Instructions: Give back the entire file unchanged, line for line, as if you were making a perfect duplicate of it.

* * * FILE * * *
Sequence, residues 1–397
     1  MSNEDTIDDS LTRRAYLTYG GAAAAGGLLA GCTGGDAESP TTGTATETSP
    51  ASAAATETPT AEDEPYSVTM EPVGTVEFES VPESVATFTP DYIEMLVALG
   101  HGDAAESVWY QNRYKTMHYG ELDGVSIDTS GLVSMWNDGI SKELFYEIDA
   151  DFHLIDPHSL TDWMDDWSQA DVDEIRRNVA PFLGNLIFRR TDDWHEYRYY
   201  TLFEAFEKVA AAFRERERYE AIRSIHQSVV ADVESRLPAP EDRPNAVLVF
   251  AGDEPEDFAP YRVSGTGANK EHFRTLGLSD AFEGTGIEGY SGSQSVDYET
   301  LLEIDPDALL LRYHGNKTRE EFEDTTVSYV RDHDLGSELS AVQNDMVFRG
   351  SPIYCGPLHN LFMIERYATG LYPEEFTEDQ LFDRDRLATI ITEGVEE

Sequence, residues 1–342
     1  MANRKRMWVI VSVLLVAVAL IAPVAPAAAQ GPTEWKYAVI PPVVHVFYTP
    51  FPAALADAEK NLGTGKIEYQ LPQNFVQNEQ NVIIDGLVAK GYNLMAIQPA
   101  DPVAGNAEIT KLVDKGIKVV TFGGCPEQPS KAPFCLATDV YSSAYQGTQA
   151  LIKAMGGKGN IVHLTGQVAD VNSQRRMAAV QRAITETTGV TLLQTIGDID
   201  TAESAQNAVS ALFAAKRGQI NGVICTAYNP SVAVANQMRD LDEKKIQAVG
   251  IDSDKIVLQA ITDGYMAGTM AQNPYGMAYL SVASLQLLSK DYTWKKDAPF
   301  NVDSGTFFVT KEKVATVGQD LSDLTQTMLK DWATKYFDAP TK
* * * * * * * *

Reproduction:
Sequence, residues 1–397
     1  MSNEDTIDDS LTRRAYLTYG GAAAAGGLLA GCTGGDAESP TTGTATETSP
    51  ASAAATETPT AEDEPYSVTM EPVGTVEFES VPESVATFTP DYIEMLVALG
   101  HGDAAESVWY QNRYKTMHYG ELDGVSIDTS GLVSMWNDGI SKELFYEIDA
   151  DFHLIDPHSL TDWMDDWSQA DVDEIRRNVA PFLGNLIFRR TDDWHEYRYY
   201  TLFEAFEKVA AAFRERERYE AIRSIHQSVV ADVESRLPAP EDRPNAVLVF
   251  AGDEPEDFAP YRVSGTGANK EHFRTLGLSD AFEGTGIEGY SGSQSVDYET
   301  LLEIDPDALL LRYHGNKTRE EFEDTTVSYV RDHDLGSELS AVQNDMVFRG
   351  SPIYCGPLHN LFMIERYATG LYPEEFTEDQ LFDRDRLATI ITEGVEE

Sequence, residues 1–342
     1  MANRKRMWVI VSVLLVAVAL IAPVAPAAAQ GPTEWKYAVI PPVVHVFYTP
    51  FPAALADAEK NLGTGKIEYQ LPQNFVQNEQ NVIIDGLVAK GYNLMAIQPA
   101  DPVAGNAEIT KLVDKGIKVV TFGGCPEQPS KAPFCLATDV YSSAYQGTQA
   151  LIKAMGGKGN IVHLTGQVAD VNSQRRMAAV QRAITETTGV TLLQTIGDID
   201  TAESAQNAVS ALFAAKRGQI NGVICTAYNP SVAVANQMRD LDEKKIQAVG
   251  IDSDKIVLQA ITDGYMAGTM AQNPYGMAYL SVASLQLLSK DYTWKKDAPF
   301  NVDSGTFFVT KEKVATVGQD LSDLTQTMLK DWATKYFDAP TK